The fireplace is often the aesthetic centerpiece of a room. Aside from providing heat and a welcoming glow to the room, it can command attention for its design. One way to make a fireplace attractive is to tile the wall above it. An arched design is often suitable as it offers a softer appearance than straight edges. Having prepped the fireplace with backing and tile mortar, it takes just a few steps to tile an arched design over the top.
Marking out the Arch
1. Make the outline for the arch using a starting midpoint and two endpoints that indicate where the curve of the arch will finish. This enables you to custom-fit the arch to the size and profile of your facade. Mark the midpoint of the arch above the center of the fireplace's opening with the pencil. You can choose how high you want the apex of the arch, depending on the proportions of your fireplace and its surrounding decoration. Come down on the edges of the fireplace's facade to a point approximately 8 to 12 inches lower than the level of the midpoint mark, and use the pencil to mark the endpoints. The endpoint of the curve is where the curve ends and from there a vertical line continues downward to the base of the fireplace. Precisely where you have your endpoints in relation to the midpoint will depend upon how steep you wish your arch to be.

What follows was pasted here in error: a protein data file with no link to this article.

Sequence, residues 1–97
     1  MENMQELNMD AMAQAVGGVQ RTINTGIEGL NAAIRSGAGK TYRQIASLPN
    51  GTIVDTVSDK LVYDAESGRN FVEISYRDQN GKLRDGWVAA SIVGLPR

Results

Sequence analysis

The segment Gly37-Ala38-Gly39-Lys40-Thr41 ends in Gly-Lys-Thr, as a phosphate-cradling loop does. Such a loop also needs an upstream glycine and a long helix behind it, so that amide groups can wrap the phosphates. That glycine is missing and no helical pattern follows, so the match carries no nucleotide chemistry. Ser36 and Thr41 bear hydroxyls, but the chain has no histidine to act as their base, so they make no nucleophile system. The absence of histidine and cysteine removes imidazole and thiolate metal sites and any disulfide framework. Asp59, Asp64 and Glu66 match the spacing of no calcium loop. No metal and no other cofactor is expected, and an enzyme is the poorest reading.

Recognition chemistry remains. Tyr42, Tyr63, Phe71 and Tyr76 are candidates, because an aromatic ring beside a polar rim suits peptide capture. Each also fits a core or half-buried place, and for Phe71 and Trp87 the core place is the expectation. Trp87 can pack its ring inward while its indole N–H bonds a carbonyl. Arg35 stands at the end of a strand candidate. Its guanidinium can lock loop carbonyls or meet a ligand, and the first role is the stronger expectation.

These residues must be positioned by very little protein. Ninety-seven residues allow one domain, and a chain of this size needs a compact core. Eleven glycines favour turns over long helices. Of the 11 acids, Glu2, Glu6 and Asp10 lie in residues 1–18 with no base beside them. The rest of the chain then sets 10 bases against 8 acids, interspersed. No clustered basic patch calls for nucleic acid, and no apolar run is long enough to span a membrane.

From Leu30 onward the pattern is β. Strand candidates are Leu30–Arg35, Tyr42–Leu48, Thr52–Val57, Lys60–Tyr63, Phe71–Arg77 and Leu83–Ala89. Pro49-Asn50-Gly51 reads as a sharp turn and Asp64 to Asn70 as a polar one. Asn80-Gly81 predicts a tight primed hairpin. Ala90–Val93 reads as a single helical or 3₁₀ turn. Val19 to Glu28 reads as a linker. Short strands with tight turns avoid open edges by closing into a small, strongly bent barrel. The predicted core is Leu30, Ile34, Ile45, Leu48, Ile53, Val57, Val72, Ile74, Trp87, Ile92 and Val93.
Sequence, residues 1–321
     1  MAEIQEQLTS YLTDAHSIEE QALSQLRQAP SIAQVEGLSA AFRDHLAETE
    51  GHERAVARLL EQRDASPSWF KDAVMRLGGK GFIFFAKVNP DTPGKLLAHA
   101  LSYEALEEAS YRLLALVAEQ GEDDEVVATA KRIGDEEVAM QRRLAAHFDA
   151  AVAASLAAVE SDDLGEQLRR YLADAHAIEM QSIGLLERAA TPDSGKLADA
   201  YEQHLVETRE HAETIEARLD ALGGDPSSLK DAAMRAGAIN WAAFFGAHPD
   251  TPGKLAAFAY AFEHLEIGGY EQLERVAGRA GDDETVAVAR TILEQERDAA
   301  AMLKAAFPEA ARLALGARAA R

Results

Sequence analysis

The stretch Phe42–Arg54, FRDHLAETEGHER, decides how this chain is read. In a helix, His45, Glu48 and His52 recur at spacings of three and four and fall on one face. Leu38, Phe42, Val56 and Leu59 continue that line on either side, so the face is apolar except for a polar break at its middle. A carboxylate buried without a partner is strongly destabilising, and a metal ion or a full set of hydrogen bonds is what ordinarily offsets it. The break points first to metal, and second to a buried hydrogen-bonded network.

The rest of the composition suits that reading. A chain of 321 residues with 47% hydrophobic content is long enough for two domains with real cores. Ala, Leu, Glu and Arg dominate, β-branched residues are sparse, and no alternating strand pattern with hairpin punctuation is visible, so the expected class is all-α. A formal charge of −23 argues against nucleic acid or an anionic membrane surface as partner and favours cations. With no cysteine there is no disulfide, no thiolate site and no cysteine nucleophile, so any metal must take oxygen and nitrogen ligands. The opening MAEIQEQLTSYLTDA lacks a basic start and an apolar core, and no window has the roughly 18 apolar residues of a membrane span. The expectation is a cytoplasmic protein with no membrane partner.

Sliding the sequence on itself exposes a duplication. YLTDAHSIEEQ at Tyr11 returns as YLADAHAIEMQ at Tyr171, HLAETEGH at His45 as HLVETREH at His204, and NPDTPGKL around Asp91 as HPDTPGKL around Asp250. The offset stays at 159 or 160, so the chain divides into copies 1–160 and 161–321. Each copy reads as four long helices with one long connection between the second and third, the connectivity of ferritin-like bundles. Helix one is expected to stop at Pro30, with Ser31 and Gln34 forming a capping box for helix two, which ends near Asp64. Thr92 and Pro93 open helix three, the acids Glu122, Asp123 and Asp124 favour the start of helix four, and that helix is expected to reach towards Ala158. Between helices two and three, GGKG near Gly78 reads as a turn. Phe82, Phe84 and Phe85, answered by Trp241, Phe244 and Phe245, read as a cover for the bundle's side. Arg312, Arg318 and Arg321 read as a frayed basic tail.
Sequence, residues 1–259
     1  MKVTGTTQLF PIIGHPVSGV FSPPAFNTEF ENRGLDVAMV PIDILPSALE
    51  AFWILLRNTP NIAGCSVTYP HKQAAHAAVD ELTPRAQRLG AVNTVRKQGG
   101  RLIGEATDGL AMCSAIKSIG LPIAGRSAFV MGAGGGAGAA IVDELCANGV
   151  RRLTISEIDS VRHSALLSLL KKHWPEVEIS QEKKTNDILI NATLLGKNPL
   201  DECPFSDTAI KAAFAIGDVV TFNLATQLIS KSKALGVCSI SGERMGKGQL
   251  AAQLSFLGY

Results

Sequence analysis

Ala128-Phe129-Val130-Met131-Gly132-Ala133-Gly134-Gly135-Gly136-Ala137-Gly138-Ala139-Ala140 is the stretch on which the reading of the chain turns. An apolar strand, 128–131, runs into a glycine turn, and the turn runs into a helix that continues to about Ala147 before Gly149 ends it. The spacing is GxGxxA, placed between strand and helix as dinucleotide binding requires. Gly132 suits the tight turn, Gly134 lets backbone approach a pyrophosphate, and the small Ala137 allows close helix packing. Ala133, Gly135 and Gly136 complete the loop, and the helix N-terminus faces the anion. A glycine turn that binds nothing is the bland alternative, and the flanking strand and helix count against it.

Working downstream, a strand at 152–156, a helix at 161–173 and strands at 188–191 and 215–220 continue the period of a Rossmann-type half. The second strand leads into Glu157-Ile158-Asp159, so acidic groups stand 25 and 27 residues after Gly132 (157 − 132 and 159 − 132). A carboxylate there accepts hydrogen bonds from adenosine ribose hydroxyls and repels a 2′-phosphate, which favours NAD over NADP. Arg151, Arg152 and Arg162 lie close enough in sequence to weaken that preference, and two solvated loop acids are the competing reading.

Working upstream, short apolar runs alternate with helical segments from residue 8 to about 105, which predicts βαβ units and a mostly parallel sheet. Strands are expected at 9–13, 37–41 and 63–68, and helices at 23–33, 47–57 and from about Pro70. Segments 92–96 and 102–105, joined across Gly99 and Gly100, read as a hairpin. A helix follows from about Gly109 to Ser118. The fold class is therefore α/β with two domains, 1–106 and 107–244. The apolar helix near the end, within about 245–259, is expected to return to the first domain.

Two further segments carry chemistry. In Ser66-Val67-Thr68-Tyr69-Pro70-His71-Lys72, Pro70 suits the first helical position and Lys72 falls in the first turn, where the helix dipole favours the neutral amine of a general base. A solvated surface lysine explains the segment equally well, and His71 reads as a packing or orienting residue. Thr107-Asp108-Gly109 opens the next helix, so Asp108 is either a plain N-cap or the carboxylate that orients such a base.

2. Draw the outline of the arch from the midpoint to one of the endpoints with the pencil.
3. Lay a large sheet of transfer paper over this half of the arch, and trace the outline of the arch onto the paper.
4. Use the scissors to cut out the arch shape from the midpoint to the endpoint.
5. Flip the transfer paper over, and align the midpoint of the paper to the midpoint of the arch, but with the curve of the arch on the other side. Trace the outline of the arch on the other side of the fireplace. This ensures that each side of the arch is symmetrical with its opposite side.
Adding the Tiles
6. Select 5-inch or smaller tiles to work with. The colors and pattern of the tile are a personal choice, but take into account the decor of the room.
7. Begin at the midpoint above the fireplace. Orient the first tile so that, head-on, it looks like a diamond, with its corners pointed north, south, east and west. Use the mortar to affix this tile in place.
8. Install the next tiles, one on each side of the middle tile, just below the east and west corners of the first tile, using mortar.
9. Install the rest of the tiles following the arched outline around the fireplace, on both sides, using the same tessellation approach, placing the tiles so that the long edges are flush with each other but do not overlap, creating a symmetrical pattern. Use the tile cutters to cut tiles to fit along the outside edge of the arch shape. Install the last tiles vertically downward until they reach the base of the fireplace. If necessary, use the tile cutters to shape the last pieces so they fit snugly above the base.
10. Allow the mortar to dry, then finish the tile design with grout. If you want the pattern of the tile you've chosen to be emphasized, then use a darker grout. If you want the tile emphasized, use a lighter color. Apply the grout with the putty knife or rubber grout float. Once the grout has started to set but is still not solid - about five minutes - use a damp sponge to wipe away any grout that has gotten onto the tiles. You may also wish to add a wall-textured finish, like stucco, to your tiles.